Weekend Scholarship Roundup

In "Juridical Pan-Islam at the Height of Empire" (Comparative Studies of South Asia, Africa and the Middle East 41, no. 2 (August 1, 2021)), Nurfadzilah Yahaya reviews Faiz Ahmed's Afghanistan Rising: Islamic Law and Statecraft between the Ottoman and British Empires (Harvard University Press, 2017),  describing the book as an apt description of how Afghanistan … Continue reading Weekend Scholarship Roundup

Portals to the Future: Translations of Powers of Attorney

By Nurfadzilah Yahaya Powers of attorney form the basis of the second chapter of my book Fluid Jurisdictions: Colonial Law and Arabs in Southeast Asia (Cornell University Press, 2020). The digital collection of these documents produced by the Arab communities in the Straits Settlements (mostly Singapore) in the Koh Seow Chuan Collection in the National … Continue reading Portals to the Future: Translations of Powers of Attorney

Family Law as Colonial Specter of Shelter

By Nurfadzilah Yahaya My book  Fluid Jurisdictions: Colonial Law and Arabs in Southeast Asia (Cornell University Press, 2020) traces changing notions of family and clan across legal cultures in the realm of family law. Supposedly, Islamic law does not enter the secular sphere of politics during the colonial period. Yet, although dissipation of political power … Continue reading Family Law as Colonial Specter of Shelter

What does Equality Mean in the Colonies?

By Nurfadzilah Yahaya Two phenomena struck me as particularly incongruous while researching for my book Fluid Jurisdictions: Colonial Law and Arabs in Southeast and plagued me throughout the process of writing it. The first was “illegal occupations” (‘onwettige occupaties’) which referred to land occupied by populations who were not allowed to own the land according … Continue reading What does Equality Mean in the Colonies?

Ṭalāq in the Colonies – Constraints on Colonial Judiciary

By Nurfadzilah Yahaya In my book, Fluid Jurisdictions: Colonial Law and Arabs in Southeast Asia (Cornell University Press, 2020), I demonstrate how colonialism embodies a contradiction; in a sense, colonial authorities limited and restricted subjects’ lives, but their authority gave rise to a sense of possibility for some colonial subjects perceived to be elite.[1] The largest … Continue reading Ṭalāq in the Colonies – Constraints on Colonial Judiciary

Welcome to our July Guest Blogger: Nurfadzilah Yahaya

It is our pleasure to welcome Nurfadzilah Yahaya as our July guest blog editor. Nurfadzilah Yahaya is a historian at the National University of Singapore. She specializes in legal history, histories of Southeast Asia, Islamic law, mobilities, and the Indian Ocean. She received her PhD in History at Princeton University in 2012. Between 2012 and 2015, … Continue reading Welcome to our July Guest Blogger: Nurfadzilah Yahaya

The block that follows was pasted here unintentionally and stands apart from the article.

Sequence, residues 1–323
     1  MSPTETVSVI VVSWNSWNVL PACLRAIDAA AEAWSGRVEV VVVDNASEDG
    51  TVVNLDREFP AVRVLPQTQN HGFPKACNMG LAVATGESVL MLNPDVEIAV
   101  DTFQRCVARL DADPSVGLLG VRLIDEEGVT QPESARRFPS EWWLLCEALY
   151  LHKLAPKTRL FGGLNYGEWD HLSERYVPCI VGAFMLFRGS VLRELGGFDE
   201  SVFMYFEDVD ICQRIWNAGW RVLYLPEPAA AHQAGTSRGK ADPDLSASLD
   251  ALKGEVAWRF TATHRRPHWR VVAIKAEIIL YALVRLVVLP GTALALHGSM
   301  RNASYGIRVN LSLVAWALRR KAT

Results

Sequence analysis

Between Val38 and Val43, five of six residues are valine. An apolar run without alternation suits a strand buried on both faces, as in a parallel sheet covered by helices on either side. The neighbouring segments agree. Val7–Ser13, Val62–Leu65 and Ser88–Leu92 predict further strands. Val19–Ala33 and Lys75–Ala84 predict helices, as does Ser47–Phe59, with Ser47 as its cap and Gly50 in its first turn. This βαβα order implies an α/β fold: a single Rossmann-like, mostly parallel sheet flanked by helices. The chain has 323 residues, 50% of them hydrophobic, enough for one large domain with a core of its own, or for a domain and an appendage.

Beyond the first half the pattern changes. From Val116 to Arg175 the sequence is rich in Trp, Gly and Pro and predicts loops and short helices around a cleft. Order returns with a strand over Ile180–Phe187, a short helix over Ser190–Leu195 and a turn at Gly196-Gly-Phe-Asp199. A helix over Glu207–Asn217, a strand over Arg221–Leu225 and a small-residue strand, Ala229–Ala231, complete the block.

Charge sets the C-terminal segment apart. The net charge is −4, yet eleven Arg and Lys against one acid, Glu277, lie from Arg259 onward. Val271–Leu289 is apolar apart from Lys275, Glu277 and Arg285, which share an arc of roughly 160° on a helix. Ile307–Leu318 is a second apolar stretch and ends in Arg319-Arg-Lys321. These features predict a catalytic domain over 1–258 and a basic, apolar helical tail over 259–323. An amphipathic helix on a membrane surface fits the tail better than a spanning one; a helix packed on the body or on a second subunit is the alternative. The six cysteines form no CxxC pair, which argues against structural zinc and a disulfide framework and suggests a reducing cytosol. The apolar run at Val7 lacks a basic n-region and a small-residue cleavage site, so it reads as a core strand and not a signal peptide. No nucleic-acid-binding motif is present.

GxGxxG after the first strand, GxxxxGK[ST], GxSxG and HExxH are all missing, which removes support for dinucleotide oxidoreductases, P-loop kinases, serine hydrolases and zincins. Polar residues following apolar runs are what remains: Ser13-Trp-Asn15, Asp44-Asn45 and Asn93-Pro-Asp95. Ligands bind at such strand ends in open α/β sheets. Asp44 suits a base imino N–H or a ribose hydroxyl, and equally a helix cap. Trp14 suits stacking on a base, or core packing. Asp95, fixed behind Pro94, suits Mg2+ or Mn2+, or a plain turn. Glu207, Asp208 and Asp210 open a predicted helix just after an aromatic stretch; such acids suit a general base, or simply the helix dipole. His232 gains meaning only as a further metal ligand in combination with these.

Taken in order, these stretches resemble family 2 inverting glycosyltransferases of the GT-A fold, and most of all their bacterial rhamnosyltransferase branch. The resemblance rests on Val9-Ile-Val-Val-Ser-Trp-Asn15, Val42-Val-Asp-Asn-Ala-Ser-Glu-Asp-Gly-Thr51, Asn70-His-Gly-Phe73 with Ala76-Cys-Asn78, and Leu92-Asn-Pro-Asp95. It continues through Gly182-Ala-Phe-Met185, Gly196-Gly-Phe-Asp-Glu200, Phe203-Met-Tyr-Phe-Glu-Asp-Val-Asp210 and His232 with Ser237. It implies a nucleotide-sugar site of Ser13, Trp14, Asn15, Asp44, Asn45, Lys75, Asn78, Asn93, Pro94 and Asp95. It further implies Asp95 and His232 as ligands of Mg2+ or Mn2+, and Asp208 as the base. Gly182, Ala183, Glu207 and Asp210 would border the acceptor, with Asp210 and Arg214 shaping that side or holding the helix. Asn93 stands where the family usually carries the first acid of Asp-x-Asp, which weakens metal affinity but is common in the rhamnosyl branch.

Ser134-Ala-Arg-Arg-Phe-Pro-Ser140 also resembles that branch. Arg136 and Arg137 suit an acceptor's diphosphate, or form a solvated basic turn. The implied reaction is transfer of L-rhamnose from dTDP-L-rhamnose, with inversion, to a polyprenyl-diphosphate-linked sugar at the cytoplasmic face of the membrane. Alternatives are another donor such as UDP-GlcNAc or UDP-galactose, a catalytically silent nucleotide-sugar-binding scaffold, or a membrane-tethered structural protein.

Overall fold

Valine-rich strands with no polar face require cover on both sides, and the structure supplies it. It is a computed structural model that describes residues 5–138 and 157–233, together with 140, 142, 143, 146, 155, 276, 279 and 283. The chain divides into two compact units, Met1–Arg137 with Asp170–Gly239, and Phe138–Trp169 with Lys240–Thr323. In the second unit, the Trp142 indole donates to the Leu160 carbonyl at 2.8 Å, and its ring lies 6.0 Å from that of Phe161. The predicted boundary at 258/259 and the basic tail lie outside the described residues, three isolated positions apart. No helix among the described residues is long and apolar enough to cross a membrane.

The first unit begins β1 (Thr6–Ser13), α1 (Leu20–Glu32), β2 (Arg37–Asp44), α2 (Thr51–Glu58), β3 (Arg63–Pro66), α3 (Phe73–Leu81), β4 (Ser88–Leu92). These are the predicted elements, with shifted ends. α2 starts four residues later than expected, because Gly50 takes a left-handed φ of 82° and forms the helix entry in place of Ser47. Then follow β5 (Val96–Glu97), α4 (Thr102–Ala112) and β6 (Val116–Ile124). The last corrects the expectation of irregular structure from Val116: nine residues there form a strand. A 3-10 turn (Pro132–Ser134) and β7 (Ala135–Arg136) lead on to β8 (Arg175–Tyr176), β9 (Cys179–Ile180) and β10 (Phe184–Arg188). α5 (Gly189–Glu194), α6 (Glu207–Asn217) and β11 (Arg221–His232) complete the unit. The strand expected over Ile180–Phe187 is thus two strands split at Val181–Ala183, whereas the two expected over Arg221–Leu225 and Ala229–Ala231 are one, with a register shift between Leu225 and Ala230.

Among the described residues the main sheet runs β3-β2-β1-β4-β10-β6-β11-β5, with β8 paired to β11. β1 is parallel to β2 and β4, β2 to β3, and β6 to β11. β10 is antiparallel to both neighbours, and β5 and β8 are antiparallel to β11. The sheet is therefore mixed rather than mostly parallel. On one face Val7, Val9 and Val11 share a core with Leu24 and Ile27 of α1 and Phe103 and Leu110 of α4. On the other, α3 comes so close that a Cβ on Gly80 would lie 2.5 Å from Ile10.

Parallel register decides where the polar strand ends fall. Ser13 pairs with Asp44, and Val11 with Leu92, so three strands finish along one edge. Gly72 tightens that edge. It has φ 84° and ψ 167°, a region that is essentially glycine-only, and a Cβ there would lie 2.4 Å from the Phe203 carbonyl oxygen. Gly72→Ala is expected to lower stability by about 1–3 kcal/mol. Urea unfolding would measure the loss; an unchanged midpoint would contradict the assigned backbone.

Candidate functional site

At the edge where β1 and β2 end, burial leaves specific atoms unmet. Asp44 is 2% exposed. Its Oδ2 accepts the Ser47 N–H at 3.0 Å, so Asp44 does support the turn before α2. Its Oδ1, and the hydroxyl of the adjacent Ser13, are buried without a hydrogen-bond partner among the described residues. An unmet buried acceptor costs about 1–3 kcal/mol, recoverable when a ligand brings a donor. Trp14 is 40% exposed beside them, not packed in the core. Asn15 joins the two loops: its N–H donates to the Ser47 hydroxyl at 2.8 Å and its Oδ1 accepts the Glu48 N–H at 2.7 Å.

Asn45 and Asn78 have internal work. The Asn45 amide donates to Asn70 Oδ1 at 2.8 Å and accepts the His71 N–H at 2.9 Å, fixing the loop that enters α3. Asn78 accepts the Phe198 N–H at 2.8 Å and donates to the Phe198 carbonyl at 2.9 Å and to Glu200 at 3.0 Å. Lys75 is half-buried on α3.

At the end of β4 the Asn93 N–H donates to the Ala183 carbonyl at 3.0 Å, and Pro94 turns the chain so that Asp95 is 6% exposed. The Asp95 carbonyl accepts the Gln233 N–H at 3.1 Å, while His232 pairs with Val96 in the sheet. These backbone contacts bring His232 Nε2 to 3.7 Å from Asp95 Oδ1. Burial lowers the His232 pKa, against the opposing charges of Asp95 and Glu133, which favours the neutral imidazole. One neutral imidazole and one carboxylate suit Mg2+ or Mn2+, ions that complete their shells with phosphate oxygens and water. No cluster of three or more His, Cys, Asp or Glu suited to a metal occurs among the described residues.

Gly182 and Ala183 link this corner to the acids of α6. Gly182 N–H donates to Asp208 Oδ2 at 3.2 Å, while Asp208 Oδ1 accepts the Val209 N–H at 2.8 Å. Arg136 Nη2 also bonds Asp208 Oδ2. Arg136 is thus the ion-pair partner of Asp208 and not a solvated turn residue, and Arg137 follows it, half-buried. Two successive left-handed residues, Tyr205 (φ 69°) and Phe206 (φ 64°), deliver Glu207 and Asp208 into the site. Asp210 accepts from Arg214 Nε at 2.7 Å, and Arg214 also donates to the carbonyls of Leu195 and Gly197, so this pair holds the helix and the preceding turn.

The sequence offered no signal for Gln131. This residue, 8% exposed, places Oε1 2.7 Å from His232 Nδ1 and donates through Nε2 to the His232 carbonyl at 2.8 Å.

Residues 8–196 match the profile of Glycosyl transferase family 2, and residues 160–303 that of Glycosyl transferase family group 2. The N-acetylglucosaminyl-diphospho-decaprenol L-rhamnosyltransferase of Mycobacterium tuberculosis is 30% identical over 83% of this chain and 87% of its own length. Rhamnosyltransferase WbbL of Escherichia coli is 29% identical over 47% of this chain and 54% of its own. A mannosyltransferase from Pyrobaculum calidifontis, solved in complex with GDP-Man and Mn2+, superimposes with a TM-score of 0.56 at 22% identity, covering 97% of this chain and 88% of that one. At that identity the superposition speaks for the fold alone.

Weekend Scholarship Roundup

The new issue of the Journal of Islamic Law at Harvard Law School (Journal of Islamic Law 2, no. 1 (2021)) has been published online.  The new issue includes an article by Sohaira Siddiqui (Georgetown University) entitled "Triple Divorce and the Political Context of Islamic Law in India" that discusses the recent enactment of an … Continue reading Weekend Scholarship Roundup

Weekend Scholarship Roundup

In her book review for Reading Religion (November 19, 2020) of Tamir Moustafa’s (Simon Fraser University) Constituting Religion: Islam, Liberal Rights, and the Malaysian State (Cambridge University Press, 2018), Nurfadzilah Yahaya (National University of Singapore) argues that the book showcases how Islamic law is utilized by the country’s political elites “in the service of Malay … Continue reading Weekend Scholarship Roundup

Weekend Scholarship Roundup

In a book review titled “Isn’t the Opposite Equally True?” written for the London Review of Books, former Program in Islamic Law fellow Lawrence Rosen (Princeton University) reviews two recent publications, Laurence Louër’s Sunnis and Shi‘a: A Political History (Princeton University Press, 2020) and Kim Ghattas’s Black Wave: Saudi Arabia, Iran, and the Forty-Year Rivalry … Continue reading Weekend Scholarship Roundup

Comparative Law and the Middle East at ASCL 2020! (A PIL Guide)

The Program in Islamic Law (PIL) has curated a list of panels from the American Society of Comparative Law's (ASCL) 2020 Annual Meeting schedule that feature speakers whose submissions are related to the Middle East, Islamic law and history, or Muslim-majority countries.* ASCL's  annual meeting this year, cosponsored by UCLA School of Law International and … Continue reading Comparative Law and the Middle East at ASCL 2020! (A PIL Guide)